“Million Dollar Women: The Essential Guide for Female Entrepreneurs Who Want to Go Big” by Julia Pimsleur (Simon & Schuster, $28).
According to the National Women’s Business Council, women-owned businesses employ 8.9 million and, despite the difficult U.S. economy, have added almost 2 million jobs since 2008. Pimsleur bundles her business experience (Little Pim — a foreign language learning system for children) with that of other women and men who have grown their ideas into million-dollar businesses.
Here’s some advice from the women:
Pimsleur: “People like to board a train that’s leaving the station.” Having an idea or concept isn’t a business. Neither is a business plan that speaks to only what you plan to do. People want to see something tangible before they’ll give you their commitment. They see that commitment when you’re doing something, not waiting for others to come onboard.
Pimsleur “left the station” with a Little Pim instructional video pilot. She showed it to people in her network. A connection paid off. Her mother’s yoga buddy became an investor and, with her experience in early education, helped Pimsleur establish educational-community connections.
Chantel Waterbury runs Chloe + Isabel, a $100+ million business, which sells jewelry online through a network of women micro-entrepreneurs. She thought outside the box by combining her knowledge of the jewelry business (acquired while working for Macy’s and Target) with a marketing channel similar to that of Avon Products.
Her advice for dealing with potential investors: Find your voice. Investors want different things and make suggestions; you can’t please them all and remain true to your vision of the company. You have to be willing to push back and explain how their requests don’t synch with your plan. You’ll lose some potential investors, but those that do come onboard will understand your vision.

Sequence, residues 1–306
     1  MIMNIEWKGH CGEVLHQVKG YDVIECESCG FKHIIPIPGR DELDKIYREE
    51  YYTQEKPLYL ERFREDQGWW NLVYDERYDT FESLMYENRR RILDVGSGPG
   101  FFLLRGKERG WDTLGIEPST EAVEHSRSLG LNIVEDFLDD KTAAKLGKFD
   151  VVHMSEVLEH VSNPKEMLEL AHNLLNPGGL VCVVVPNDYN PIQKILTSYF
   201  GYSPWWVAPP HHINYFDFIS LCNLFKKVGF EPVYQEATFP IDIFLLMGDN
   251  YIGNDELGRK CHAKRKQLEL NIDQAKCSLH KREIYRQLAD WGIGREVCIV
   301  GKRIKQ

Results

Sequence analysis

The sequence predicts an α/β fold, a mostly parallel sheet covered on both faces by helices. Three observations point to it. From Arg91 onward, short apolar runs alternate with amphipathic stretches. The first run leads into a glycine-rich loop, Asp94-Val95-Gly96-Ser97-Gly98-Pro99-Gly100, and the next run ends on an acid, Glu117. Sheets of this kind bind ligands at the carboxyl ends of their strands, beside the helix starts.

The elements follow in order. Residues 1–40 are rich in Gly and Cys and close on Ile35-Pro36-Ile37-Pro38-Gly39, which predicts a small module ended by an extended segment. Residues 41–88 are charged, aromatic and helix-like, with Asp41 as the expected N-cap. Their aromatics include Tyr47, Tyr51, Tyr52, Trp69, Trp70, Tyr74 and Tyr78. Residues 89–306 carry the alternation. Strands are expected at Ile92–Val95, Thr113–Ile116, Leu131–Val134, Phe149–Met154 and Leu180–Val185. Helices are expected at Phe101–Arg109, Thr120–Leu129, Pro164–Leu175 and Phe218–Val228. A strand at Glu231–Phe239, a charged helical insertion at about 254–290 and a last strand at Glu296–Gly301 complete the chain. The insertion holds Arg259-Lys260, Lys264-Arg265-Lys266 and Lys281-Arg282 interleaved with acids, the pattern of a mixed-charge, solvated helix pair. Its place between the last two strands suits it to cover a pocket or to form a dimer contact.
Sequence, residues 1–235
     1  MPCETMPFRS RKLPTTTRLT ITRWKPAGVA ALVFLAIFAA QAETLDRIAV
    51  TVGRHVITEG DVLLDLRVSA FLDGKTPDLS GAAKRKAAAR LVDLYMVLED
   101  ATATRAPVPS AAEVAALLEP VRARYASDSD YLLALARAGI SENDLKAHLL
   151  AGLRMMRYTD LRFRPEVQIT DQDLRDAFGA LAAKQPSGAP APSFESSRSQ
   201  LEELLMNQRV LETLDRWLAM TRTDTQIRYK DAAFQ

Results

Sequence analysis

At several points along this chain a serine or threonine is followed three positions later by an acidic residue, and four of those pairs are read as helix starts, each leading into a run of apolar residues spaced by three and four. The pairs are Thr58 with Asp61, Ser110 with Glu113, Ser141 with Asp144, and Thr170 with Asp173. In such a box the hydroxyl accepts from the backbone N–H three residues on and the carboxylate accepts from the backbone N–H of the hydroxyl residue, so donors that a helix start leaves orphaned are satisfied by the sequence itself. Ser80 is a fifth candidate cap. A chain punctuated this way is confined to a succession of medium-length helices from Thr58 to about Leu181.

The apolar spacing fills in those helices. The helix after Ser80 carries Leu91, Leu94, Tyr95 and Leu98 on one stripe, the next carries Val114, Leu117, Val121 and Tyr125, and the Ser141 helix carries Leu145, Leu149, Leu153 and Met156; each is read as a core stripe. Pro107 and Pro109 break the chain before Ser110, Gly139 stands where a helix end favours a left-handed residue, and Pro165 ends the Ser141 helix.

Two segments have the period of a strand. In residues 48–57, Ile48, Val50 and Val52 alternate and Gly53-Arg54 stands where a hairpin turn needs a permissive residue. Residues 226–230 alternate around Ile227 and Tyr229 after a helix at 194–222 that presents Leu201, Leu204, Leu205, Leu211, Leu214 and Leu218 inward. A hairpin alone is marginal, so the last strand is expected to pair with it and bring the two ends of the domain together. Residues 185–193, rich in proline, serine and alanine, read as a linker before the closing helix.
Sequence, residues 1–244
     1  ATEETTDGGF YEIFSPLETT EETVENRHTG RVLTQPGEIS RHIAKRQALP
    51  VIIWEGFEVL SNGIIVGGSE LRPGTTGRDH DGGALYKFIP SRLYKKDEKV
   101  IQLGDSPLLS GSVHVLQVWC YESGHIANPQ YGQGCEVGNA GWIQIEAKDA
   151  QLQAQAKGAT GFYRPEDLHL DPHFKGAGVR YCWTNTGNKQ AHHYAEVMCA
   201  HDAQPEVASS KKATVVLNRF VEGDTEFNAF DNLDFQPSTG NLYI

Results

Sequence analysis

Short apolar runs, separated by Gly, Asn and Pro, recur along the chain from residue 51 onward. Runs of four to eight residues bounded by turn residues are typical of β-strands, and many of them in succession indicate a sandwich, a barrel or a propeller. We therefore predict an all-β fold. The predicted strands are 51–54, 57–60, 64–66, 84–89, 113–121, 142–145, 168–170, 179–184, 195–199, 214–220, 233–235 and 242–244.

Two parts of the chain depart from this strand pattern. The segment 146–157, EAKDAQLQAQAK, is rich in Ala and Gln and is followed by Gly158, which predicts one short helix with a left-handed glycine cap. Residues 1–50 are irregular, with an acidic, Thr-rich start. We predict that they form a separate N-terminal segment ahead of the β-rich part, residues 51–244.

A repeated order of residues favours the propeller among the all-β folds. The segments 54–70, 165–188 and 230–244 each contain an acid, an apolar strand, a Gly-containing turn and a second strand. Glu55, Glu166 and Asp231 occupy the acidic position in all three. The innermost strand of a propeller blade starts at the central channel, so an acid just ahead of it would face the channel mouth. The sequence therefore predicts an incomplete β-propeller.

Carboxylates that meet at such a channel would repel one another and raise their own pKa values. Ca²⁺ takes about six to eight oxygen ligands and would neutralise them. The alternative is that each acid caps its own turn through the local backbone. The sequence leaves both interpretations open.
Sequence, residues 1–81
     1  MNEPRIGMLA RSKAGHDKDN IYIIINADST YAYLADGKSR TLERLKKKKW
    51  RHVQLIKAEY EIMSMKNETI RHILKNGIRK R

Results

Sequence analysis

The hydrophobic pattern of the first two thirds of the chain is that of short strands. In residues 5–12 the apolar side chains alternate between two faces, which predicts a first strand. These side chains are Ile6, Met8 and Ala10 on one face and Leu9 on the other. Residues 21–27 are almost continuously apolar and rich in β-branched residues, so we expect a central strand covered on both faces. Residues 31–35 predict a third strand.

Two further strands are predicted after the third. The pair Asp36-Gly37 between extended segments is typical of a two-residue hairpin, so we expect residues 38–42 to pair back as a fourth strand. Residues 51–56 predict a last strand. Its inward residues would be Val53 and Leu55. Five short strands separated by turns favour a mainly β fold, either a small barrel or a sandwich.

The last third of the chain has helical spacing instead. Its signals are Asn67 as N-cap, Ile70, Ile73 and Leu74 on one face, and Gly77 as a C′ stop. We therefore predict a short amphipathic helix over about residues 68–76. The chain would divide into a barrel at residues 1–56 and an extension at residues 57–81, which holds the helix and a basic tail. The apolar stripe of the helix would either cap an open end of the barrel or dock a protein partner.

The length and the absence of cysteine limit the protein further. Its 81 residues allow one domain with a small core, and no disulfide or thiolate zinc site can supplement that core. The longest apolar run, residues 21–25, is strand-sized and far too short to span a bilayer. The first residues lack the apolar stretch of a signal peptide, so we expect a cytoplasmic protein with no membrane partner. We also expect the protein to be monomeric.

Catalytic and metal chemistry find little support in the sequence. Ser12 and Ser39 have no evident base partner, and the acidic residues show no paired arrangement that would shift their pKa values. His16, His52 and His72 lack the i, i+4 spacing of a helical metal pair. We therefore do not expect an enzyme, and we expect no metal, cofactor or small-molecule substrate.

Brittany Hodak’s and Kim Kaupe’s company, ZinePak, makes custom-interactive products that appeal to music fans. Their sales at Walmart alone exceed $30 million.
Their thoughts on work/life balance: Starting a business means that scale will tilt toward work, not life. You have to explain the importance of what you’re doing and the time involved. When people know why you’re “absent,” they understand.
That said, entrepreneurship doesn’t mean you ignore life priorities. Stephen Covey of “7 Habits” fame told me that when he was on the road he made time to talk with his wife and nine children every day, and he adjusted his work schedule around his children’s school events.
Pam Wolf, CEO of New York Kids Club, and Carrie Kerpen, CEO of Likeable Media, weigh in productivity: As a business grows, there are too many daily decisions for one person to make. As the owner, you must realize that you’re not the smartest person in the room. Learn how to trust the people you hired to do their jobs. Delegation involves letting them use their judgement and skills. This engages their ownership of their jobs, and builds the organization’s expertise much faster than command-and-control.
Also, practice “Well done is better than perfect.” Striving for perfection when work-world circumstances change rapidly wastes time — time that could be spent on other projects.
After two decades on Wall Street, Deborah Jackson founded Plum Alley, a crowdsourcing platform for women’s projects and companies. She sees crowdfunding as a first step to really understanding the business you’re in. Why? A campaign tests your marketing plan. It has to convince prospects to invest (pre-order) products. If it doesn’t convince them, it’s time to re-examine your target market. A successful campaign will also impress venture capitalists.
Advice to readers: As you read each chapter, complete the chapter’s “Million Dollar Exercises” in the appendix. Use the completed exercises as a quick reference guide.
— Jim Pawlak is a nationally syndicated reviewer of business books.